Mastering commercial law ...
... and avoiding World War lll - Vivek Chandra aims high.
Deakin research student Vivek Chandra describes himself as ‘a lifetime academic, energy professional, entrepreneur and traveller’ - and with good reason.
With university qualifications completed in several countries and a work history that reads like a travel log, Vivek has built up an extraordinary amount of knowledge and experience in the oil and gas field.
In addition to his PhD research at Deakin, he runs his own natural gas consultant company, Kerogen Consultants, teaches executive courses on natural gas LNG all over the world, is the author of ‘Fundamentals of Natural Gas’ and creator of two key apps that provide conversions and project data related to natural gas and LNG.
Vivek lived in the US for 20 years before his specialist skills took him to positions in Indonesia, Alaska, the Middle East and South East Asia. Relocating to Melbourne led him to Deakin.
"I found out about the Master of Commercial Law when I was living in Dubai," he explains. "A friend introduced me to it because I have always been interested in the law but I didn’t want to be a lawyer.
"The natural gas business is very contractual, involving many aspects of commercial and international law, so Deakin’s Master of Commercial Law was perfect – and I did not have to take classes such as criminal and family law with little relevance to the natural gas and energy industries.
Studying the masters off campus meant Vivek could get what he wanted when he wanted it while being employed as a senior executive in a mid-sized energy company in Melbourne.
"Deakin allowed me to do it in my own time frame and while on my frequent business trips overseas," he says.
"It gave me a focus on commercial law. If you are in the business environment, it is all-important to have that knowledge as contractual agreements are the rules of business."
Once his masters was completed in 2012, Vivek says he missed study so the idea of doing a PhD was born.
"I really enjoyed my International Law class and I got to know my lecturer really well," he says. "I also really enjoyed part-time study and was disappointed to see it end, so I started toying with a few ideas from the Chinese Law and International Law classes."
When Deakin offered him the opportunity to take on a part-time PhD, Vivek was keen to accept.
Six months on, he is heavily involved in determining his exact topic – though it will likely involve oil and gas activities in disputed maritime boundary regions and methodologies used to solve such disputes.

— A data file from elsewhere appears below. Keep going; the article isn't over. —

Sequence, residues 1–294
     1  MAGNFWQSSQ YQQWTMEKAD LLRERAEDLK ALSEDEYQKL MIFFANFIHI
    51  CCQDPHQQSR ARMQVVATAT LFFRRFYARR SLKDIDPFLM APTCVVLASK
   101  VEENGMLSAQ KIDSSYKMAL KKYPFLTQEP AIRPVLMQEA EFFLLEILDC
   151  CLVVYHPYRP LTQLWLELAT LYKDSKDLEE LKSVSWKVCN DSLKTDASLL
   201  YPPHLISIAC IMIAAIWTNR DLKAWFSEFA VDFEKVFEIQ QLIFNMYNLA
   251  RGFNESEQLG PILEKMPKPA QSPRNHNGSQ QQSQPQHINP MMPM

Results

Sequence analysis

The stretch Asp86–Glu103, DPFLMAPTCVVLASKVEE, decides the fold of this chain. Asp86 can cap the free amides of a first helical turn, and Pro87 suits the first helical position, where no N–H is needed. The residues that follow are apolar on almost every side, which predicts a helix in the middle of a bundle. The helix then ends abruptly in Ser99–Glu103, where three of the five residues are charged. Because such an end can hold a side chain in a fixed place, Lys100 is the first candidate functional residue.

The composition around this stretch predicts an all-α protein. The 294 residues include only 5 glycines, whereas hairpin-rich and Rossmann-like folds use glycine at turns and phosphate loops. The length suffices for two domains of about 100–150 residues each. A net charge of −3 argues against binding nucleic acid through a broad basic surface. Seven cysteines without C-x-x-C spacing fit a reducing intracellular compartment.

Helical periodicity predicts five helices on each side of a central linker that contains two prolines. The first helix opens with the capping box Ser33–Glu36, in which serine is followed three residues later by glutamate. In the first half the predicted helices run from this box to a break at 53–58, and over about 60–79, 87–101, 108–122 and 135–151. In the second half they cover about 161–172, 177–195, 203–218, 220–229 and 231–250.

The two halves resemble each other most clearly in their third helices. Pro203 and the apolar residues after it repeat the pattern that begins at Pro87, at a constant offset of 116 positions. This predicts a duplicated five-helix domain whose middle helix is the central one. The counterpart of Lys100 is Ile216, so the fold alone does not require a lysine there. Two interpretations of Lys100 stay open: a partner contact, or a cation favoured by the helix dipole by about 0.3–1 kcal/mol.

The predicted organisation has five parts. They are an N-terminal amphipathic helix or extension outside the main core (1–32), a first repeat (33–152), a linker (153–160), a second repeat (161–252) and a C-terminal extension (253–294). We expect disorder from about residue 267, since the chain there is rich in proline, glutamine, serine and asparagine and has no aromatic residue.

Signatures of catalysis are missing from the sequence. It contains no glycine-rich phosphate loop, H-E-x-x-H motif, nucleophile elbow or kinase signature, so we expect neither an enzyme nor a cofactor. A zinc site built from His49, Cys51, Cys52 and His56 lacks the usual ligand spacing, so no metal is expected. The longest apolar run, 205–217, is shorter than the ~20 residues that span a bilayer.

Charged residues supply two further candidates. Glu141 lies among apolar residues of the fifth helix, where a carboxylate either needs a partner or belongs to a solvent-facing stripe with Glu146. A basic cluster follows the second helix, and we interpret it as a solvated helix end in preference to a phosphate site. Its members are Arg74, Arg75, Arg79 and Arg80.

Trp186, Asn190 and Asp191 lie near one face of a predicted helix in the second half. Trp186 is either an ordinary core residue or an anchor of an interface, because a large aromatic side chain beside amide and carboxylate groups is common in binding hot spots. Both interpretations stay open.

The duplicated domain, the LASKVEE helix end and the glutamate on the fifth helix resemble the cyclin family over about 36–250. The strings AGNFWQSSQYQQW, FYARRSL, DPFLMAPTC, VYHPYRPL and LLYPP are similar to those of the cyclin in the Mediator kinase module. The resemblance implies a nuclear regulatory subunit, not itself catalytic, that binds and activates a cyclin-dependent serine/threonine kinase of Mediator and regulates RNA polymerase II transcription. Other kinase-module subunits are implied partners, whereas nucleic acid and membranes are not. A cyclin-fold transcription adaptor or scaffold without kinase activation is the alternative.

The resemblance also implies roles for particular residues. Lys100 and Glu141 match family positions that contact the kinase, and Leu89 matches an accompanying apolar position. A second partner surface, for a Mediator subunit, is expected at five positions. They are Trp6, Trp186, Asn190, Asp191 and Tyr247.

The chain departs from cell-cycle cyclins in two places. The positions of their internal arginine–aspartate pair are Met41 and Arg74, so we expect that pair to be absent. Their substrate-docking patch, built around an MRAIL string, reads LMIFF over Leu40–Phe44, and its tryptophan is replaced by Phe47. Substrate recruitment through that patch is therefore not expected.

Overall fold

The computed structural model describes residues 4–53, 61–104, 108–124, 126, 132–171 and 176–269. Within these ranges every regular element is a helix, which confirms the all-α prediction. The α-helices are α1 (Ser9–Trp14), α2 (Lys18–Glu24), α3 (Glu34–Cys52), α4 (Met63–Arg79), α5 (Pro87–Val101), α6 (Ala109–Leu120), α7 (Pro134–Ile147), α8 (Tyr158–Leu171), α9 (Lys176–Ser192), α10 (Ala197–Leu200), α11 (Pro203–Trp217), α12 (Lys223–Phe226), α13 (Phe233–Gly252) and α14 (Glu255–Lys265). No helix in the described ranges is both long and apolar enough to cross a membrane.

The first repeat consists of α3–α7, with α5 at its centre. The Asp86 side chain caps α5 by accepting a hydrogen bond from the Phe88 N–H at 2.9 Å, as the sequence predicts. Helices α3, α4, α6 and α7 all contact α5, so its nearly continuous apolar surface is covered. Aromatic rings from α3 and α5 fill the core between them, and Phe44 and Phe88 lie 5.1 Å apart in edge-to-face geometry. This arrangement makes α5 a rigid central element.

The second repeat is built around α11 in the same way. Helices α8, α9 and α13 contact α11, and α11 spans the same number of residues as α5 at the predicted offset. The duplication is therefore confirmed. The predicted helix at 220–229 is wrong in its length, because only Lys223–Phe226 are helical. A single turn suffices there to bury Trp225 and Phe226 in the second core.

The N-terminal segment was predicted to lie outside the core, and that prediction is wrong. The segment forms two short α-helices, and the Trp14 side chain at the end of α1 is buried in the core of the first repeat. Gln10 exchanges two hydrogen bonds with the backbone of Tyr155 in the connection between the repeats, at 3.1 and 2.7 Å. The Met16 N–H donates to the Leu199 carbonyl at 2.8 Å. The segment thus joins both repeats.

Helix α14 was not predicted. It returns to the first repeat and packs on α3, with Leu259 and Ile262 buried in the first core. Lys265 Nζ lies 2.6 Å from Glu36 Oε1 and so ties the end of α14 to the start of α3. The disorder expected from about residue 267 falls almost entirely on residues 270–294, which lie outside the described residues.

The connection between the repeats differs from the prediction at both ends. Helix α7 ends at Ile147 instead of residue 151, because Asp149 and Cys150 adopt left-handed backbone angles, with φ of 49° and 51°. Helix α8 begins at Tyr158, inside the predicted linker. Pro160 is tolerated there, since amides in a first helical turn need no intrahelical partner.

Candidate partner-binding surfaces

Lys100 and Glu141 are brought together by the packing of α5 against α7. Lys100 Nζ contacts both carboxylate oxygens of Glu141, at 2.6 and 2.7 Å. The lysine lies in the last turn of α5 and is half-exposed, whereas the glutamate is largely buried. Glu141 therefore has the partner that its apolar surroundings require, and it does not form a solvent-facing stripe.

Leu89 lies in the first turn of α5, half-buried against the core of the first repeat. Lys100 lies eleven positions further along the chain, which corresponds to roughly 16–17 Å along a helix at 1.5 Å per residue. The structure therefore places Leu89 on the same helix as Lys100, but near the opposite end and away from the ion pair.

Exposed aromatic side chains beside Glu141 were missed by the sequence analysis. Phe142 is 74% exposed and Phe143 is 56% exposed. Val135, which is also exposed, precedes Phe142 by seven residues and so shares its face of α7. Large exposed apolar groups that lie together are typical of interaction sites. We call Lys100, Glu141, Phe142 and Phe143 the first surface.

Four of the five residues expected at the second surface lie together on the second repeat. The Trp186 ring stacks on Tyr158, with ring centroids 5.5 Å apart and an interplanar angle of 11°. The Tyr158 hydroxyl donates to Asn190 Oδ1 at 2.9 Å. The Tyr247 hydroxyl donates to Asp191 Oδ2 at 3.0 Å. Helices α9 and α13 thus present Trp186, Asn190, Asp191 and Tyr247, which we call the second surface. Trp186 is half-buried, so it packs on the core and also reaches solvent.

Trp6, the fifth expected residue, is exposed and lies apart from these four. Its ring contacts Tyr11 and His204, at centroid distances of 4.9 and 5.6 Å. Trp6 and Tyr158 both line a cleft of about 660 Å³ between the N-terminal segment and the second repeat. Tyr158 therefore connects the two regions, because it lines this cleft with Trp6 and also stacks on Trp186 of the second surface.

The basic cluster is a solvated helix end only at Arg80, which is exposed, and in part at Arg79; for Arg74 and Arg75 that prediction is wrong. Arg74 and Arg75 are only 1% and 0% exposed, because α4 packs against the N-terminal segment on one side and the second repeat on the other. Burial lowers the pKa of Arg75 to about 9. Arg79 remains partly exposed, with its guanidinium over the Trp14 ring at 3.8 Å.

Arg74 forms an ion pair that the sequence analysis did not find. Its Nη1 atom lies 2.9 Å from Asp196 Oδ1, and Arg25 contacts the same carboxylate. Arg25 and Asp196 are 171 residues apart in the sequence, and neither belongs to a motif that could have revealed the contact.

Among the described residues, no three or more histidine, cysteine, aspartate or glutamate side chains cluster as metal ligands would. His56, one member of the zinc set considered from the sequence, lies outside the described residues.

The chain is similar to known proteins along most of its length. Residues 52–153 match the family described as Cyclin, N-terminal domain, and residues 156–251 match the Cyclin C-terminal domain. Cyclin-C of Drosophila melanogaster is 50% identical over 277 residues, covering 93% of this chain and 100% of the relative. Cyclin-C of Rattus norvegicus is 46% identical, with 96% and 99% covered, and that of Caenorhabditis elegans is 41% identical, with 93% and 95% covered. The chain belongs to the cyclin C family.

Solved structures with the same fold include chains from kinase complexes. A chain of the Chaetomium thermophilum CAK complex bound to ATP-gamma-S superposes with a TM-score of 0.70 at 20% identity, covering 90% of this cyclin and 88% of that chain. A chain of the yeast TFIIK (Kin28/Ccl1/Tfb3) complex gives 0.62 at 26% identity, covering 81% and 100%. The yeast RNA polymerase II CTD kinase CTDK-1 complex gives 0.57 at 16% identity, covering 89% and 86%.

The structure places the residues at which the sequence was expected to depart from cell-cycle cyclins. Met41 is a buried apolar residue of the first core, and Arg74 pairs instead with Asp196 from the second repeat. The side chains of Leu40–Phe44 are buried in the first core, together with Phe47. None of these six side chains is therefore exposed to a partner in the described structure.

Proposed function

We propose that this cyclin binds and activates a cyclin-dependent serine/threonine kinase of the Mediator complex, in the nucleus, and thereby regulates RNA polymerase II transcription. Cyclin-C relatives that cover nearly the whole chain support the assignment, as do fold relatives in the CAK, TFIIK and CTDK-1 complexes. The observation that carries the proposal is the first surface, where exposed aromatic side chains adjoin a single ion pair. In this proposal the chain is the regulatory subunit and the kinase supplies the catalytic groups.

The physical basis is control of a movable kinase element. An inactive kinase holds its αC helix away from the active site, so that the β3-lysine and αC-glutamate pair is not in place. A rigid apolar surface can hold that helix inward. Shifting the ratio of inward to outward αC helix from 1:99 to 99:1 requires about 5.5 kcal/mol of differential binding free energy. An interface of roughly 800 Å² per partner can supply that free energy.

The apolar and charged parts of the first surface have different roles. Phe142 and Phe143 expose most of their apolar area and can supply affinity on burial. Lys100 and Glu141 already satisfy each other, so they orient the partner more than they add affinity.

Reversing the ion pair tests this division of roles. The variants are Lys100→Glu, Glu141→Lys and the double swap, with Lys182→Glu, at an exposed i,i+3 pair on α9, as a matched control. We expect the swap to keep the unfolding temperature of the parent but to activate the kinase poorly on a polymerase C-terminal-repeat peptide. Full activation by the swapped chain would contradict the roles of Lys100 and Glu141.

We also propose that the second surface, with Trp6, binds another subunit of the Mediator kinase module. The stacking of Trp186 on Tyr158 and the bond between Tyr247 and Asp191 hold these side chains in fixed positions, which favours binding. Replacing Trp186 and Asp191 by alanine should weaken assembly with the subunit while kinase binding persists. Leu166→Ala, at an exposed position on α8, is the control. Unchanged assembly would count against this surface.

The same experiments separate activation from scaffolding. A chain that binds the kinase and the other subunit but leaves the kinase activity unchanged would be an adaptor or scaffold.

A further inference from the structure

"I really enjoy the legal aspects of the energy business and the way everything is now pushing the frontiers," he said.
"As we have gone deeper into the offshore environment, there are problems that were unseen 20 years ago.
"Companies are trying to decide whether to invest and it becomes complicated when there are disputed waters."
Vivek enjoys his relationship with his advisor because it is more on a peer basis and they respect each other as professionals.
"I am coming at it from a different angle to a lot of other researchers because of my industry background, and we have really long, intense discussions," he said.
Vivek took part in the Three-Minute Thesis competition in which Deakin PhD students present to an audience to be judged.
He was one of the winners of the Business and Law competition, then competed against research candidates from all disciplines in the final in Geelong.
"I talked about the South China Sea and the limitations of the United Nations law relating to the guidelines and boundaries of the oceans," he said.
This topic has now taken a slightly different slant.
"I have looked at all the places in the world where there are boundary disputes and where oil and gas exist because I want to look at what determines how things are solved," he said.
"The next world war will be in the South China Sea and I want to prevent it."
Two years ago, when invited back to his university in Colorado to deliver a keynote address to the undergraduate students, Vivek says his best advice was to value the connections made at university.
"So much of life and a business career is about the people," he said.
"So many times in my career I have done business with people I met in my academic career.
"The power of relationships is very important."